•Undergraduate majoring in Computer Science or Computer Engineering (or related fields) and have an interest in the design and maintenance of science gateways

Job category

Coding Institute Workshop


Elizabeth City, NC

Application deadline

April 27, 2018

[SC2 Jobs] Gateway Development Internship for SGCI

By | SC2 jobs

The Workforce Development team from SGCI offers eight-week summer internships for students interested in developing their gateway development skills. Participants will be placed at one of the seven universities that form the SGCI partnership, or a specific site can be suggested by an SGCI client, partner, or others who are interested in hosting a student intern.

Eligible applicants include graduate students majoring in computer science or computer engineering (or related fields) at any level and undergraduates majoring in computer science or computer engineering (or related fields) who have completed their junior year and who demonstrate strong programming and software engineering skills.

Participants will receive a stipend, plus housing and transportation. Interns will be required to attend the Gateways 2018 conference, for which Workforce Development will provide funding. Attending PEARC18 is recommended, but not required. Funding will be provided by Workforce Development to interns who decide to attend.

Learn more about the internship opportunity by reading these blog posts written by some of the students who worked as SGCI interns during summer of 2017:

Summer 2018 Gateway Development Internships

If you are a student and would like to apply for an internshipcomplete this application form. The deadline for submitting this application and supporting documents is April 27, 2018. We will begin to fill slots on March 9, 2018, and will continue the review process until all slots are filled.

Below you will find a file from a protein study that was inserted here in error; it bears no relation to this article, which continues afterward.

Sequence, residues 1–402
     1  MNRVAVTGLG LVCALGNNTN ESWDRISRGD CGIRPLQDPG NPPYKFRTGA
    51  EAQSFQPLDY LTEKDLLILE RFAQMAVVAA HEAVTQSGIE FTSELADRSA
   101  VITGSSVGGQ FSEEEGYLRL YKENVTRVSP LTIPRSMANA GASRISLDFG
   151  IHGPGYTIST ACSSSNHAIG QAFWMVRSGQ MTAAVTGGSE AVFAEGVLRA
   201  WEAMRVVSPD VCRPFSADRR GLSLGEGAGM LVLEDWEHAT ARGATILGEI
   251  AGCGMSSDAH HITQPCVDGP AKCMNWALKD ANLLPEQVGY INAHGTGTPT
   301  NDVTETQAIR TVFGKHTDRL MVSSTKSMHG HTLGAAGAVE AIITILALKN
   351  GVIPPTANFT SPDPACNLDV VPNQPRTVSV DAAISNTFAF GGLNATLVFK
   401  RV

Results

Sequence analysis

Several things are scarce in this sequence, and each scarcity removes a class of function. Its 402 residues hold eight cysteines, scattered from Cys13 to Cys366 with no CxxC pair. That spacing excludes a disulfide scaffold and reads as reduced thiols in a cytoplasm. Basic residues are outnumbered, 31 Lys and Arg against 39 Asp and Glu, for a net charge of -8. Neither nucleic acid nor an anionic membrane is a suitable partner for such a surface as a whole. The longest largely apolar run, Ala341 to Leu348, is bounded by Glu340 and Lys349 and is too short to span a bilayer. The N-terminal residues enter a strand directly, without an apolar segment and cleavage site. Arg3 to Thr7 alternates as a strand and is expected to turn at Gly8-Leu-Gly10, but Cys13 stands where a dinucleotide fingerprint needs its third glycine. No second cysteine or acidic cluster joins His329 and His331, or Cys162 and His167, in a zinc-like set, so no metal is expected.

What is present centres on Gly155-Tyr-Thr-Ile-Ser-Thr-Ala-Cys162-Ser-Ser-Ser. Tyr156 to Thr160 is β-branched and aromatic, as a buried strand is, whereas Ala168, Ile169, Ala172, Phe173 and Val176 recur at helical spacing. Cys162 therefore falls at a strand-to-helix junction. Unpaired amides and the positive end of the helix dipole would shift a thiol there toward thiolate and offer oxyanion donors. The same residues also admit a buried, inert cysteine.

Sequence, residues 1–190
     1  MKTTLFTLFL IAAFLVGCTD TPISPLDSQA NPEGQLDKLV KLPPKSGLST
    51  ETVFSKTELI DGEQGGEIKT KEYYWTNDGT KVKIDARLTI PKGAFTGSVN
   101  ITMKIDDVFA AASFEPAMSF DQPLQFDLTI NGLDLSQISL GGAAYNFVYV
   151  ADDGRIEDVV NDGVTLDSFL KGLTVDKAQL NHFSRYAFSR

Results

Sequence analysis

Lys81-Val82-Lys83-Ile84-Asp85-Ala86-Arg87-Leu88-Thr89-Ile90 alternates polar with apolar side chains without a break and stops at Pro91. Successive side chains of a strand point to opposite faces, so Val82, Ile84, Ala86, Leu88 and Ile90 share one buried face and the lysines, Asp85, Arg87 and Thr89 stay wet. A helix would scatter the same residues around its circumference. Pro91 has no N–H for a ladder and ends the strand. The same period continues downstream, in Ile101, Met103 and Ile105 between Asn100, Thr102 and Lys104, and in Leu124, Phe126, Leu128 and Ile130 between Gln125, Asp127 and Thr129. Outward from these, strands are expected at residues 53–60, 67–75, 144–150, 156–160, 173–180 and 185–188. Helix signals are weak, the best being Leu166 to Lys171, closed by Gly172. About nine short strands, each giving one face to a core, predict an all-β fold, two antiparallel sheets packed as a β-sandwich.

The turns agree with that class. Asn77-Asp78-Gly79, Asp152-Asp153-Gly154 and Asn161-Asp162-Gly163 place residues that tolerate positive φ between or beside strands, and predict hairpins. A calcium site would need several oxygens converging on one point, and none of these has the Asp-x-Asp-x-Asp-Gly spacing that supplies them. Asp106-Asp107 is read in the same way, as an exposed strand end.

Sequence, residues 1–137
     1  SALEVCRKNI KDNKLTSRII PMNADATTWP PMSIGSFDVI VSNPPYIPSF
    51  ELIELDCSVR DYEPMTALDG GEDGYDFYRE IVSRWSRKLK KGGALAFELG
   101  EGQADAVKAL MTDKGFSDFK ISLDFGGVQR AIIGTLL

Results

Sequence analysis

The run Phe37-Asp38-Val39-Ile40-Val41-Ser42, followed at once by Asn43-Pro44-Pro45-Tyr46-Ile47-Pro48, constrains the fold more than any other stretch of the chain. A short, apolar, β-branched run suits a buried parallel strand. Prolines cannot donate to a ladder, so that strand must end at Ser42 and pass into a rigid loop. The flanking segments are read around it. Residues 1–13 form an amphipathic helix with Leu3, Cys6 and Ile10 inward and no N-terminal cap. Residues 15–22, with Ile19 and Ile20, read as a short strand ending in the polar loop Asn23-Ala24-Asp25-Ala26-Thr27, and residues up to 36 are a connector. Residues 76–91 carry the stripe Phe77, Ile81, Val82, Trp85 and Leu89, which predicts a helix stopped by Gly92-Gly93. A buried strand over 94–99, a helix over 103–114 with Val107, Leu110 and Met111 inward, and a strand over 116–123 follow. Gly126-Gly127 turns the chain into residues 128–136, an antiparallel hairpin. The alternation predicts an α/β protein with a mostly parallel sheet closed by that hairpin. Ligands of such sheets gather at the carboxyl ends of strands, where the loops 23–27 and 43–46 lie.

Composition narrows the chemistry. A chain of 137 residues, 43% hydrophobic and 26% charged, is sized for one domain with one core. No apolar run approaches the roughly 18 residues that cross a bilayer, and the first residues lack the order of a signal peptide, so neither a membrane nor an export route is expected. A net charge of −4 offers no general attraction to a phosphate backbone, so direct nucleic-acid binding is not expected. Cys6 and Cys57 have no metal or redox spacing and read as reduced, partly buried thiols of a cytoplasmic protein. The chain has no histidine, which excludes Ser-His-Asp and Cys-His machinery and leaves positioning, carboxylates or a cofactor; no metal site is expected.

Application deadline

April 27, 2018

ConFlux cluster expands

By | General Interest, Happenings, HPC, News

ARC-TS has installed 15 new compute nodes into the ConFlux cluster. These nodes have the same 20 cores CPU as the original set, but with 256 GB of RAM instead of 128 GB. Neither the original nodes nor the newly added ones contain any GPUs

As a result, jobs should spend less time in queue, and users can be more liberal in their memory requirements.

[SC2 Jobs] SLATE: A Platform for Scientific Cyberinfrastructure

By | SC2 jobs

We are looking for motivated individuals interested in learning cutting-edge technologies to help us develop, prototype and test SLATE: Service Layes At The Edge, a collaborative project between the University of Michigan, University of Chicago and the University of Utah.  The SLATE team is working to deliver a new platform for scientific cyberinfrastructure (see http://slateci.io/). Building upon container-based technologies (e.g. Docker, Kubernetes, Helm, …) we aim to create a distributed environment where scientific collaborations can create, deploy and operate the tools they need to manage their data collection, distribution, and processing.

The successful candidate will help to take existing applications and package them in a way that can be readily used within the platform so that the details of installation, configuration, and operations of the application are taken care of for the scientific user. The candidate will learn how to use the latest container technologies and how to use them to solve concrete problems. The position will pay 12-15$ an hour based on experience for 20-30 hours a week depending on availability of the candidate.


Minimum Requirements:

* Basic experience with Linux administration


Preferred Requirements:

* Experience with source control (e.g. git)

* Experience with virtual machine technology (e.g. VirtualBox)

* Experience with container technology (e.g. Docker)


If interested, please send your CV to Brock Palen brockp@umich.edu